• Validate – Your safety net for global campaigns.
    You will never want a campaign to go live without Validate again. From checking that creative concepts will work in-market, through to cultural advice on campaign imagery, we will pick up any cultural red flags in enough time for you to amend and go live with peace of mind.

LBB> Why are you launching these products now? How is this product offering different?

Matthias> The reason we launched Local Insights now is because we often receive a creative at the final stage when there is nothing we can do about it. However, if we are working with teams right from the beginning, we can help inform the right thinking from the offset. When you start to develop an initial idea or communication approach and plan to roll it out as global campaign, you need that extra cultural lens from the beginning because you can go through the whole process and find, at the end, it doesn’t work in 15 of your 20 markets, which is a huge waste of creativity. It’s a shame for the creative agency because their big idea doesn’t work and a shame for the client because they have spent a lot of money on creative that doesn’t resonate with people in the market because it doesn’t tell a story that’s connecting with them.

LBB> Are there any brands that have produced data-driven, localised campaigns which have inspired you?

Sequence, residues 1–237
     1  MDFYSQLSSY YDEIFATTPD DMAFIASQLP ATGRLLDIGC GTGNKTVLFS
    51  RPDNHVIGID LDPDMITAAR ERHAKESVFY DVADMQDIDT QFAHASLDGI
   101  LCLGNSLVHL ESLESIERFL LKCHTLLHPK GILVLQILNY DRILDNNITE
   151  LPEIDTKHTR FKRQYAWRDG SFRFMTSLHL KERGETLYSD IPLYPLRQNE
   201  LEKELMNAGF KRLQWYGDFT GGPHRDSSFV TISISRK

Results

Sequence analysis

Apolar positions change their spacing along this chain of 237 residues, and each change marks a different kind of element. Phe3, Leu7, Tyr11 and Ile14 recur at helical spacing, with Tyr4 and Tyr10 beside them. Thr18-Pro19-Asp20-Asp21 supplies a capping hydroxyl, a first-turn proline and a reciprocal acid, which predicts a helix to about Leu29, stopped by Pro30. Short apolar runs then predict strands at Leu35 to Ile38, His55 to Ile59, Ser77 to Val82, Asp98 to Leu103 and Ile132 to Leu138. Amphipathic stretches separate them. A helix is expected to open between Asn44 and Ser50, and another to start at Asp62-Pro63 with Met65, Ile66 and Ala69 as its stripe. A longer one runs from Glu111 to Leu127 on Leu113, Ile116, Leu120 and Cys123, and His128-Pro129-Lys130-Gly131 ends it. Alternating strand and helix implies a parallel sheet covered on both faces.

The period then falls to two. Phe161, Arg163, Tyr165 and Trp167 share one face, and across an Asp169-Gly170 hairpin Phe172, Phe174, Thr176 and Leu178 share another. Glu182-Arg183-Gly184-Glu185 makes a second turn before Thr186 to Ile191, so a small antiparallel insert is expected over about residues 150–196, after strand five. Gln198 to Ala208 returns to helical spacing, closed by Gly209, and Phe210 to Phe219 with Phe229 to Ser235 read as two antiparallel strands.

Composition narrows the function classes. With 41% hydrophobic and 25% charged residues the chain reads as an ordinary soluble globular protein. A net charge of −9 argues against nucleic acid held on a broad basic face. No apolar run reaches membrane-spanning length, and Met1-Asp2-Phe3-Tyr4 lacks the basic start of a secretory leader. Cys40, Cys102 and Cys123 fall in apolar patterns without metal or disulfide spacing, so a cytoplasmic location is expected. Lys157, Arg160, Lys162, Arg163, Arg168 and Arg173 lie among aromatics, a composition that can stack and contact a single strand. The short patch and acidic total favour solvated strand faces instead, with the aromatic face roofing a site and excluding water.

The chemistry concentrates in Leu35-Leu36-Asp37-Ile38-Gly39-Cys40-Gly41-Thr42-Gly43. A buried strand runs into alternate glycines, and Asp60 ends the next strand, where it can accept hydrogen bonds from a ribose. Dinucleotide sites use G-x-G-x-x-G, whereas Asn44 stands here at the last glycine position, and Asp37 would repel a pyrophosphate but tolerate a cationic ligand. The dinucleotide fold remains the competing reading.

Matthias> An example of a brand that does really well is Nike. They are not one of our clients, but their campaign ‘Nothing Beats a Londoner’ is a great example to use. As a brand their territory and universal truth is their slogan, ‘Just Do It,’ which is about encouraging people to reach their optimal potential. They deploy that message everywhere, but for Nothing Beats a Londoner, they looked more closely at London – which has a bigger population than European countries like Finland or Sweden – and developed a really good understanding of what motivates Londoners.

The spot captured the essence of London; from kids growing up on an estate in Tower Hamlets, to private school kids from West London competing in their local rowing club, whatever life throws at you, Londoners are always on the move, always trying to achieve their best, even if the conditions are tough. This acute understanding that grit and determination is what connects Londoners is a creative idea that marries the brand purpose with true experiences and an understanding of what makes people move. It worked really well.

LBB> What has been the best feedback you’ve received from a client about positively transforming their brands on a global scale?

Matthias> We help clients write better marketing briefs or inform creative briefs. We help clients avoid potential cultural missteps and better understand their mission. We test messaging and tone to give brands a peace of mind, rolling out content with a proper safety net.

“Big Freedman advocate! Freedman has been pivotal in driving brand growth in Europe.” – Marketing Director, UK, Fitbit

First published on the LBB